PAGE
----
Study: Red Meat and Poultry Increase Type 2 Diabetes Risk

Chances are, you know by now that red meat isn’t doing your health any favors, but a new study discovered that eating poultry also increases your risk of developing type 2 diabetes.

The study, published in the American Journal of Epidemiology, used data from The Singapore Chinese Health Study, which followed adults between ages 45 and 74 for an average of 11 years. 63,257 adults initially participated in the study, which tracked how dietary and environmental factors impacted participants’ health. The study launched in 1993, and in 2005 there were still 32,543 people participating.

To determine whether type 2 diabetes risk is linked to food choices, researchers looked at the diets of participants diagnosed with the disease. Both diet and illness were self-reported in this study.


Researchers point to the type of iron found in red meat and poultry—heme iron—that’s one of the culprits. Higher heme iron intake was associated with higher incidence of type 2 diabetes. They also suspect that there were other compounds in red meat contributing to type 2 diabetes risk.

The issue, according to the research researchers, is total heme iron intake. Both red meat and poultry contribute heme iron to the diet, and reducing the total amount of heme iron seemed to nullify poultry’s effects.

This isn’t the first study to associate heme iron and type 2 diabetes. A 2013 meta-analysis also pointed to heme iron as a risk factor. Dr. Michael Greger explains that heme iron, “can lead to free radicals and iron-induced oxidative stress that may lead to chronic inflammation and type 2 diabetes”

This is especially interesting, because for so long, vegetarians and vegans have been hearing that the non-heme iron found in plant foods is subpar. Yet the potential risks associated with heme iron are far less well-known.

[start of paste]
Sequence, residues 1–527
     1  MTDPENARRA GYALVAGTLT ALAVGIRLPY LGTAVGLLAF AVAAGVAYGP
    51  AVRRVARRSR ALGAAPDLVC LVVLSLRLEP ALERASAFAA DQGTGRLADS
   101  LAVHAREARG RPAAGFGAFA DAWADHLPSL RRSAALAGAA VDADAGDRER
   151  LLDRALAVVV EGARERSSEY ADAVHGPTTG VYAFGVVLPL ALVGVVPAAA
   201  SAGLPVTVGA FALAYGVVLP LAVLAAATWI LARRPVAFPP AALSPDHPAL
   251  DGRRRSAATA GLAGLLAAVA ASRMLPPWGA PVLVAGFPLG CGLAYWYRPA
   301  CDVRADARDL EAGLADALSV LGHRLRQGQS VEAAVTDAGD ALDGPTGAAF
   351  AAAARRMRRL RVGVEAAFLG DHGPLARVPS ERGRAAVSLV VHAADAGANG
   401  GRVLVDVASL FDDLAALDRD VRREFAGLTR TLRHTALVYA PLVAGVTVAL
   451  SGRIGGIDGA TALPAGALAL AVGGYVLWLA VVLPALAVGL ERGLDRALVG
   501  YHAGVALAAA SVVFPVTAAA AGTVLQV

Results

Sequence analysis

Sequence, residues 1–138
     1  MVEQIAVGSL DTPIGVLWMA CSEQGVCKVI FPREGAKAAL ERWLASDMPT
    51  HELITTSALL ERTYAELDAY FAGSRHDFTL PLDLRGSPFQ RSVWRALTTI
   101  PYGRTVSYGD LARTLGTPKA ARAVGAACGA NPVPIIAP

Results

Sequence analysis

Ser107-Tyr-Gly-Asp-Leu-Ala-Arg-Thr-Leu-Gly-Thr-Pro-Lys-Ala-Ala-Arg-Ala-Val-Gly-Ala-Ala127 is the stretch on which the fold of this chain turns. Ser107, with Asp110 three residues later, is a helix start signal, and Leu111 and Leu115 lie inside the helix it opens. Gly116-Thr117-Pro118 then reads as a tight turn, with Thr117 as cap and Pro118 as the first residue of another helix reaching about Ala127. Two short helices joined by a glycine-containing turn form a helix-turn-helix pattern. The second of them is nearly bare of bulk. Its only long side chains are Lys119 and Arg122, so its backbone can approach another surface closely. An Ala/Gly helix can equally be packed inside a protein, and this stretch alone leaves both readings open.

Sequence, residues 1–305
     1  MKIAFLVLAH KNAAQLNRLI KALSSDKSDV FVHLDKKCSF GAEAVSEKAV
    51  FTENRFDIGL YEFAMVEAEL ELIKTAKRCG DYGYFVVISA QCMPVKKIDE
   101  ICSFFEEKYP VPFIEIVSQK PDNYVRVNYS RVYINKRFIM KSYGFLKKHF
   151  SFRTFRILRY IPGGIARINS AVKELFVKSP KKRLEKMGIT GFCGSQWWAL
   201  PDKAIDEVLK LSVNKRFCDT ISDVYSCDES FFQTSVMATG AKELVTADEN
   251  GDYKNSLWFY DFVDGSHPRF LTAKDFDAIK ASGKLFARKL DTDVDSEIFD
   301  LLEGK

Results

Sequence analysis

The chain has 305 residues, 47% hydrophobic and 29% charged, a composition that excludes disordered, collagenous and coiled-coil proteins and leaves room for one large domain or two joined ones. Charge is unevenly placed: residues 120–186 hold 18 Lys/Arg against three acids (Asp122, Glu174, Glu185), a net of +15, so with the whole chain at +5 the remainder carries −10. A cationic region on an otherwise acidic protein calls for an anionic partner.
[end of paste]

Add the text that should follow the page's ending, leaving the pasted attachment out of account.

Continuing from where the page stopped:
The Singapore Chinese Health Study data looks specifically at Asian populations, and it’s one of the largest of its kind. Most studies looking at meat and health come out of the west.

In a press release about the study, Dr Annie Ling, Director, Policy, Research and Surveillance Division, Health Promotion Board said, “Although a number of western studies have consistently shown that red meat consumption should be moderated, this study is highly relevant as it is based on local population and consumption patterns. The findings affirm [the Health Promotion Board’s] recommendation to consume red meat in moderation, and that a healthy and balanced diet should contain sufficient and varied protein sources, including healthier alternatives to red meat such as fish, tofu and legumes.”

Of course, if you eat a lot of meat and poultry now, replacing it with healthier foods might seem daunting. You may be worried about getting enough iron or protein. Ginny Messina, R.D. has a great primer on vegan iron—where and how to get it and when supplementing may be right for you.

If you’re concerned that cutting out red meat and poultry is going to leave you protein deficient, don’t panic! Almost all plant foods contain some protein. This Care2 article has information on daily protein needs, plus a list of 25 plant-foods that are good sources of protein.


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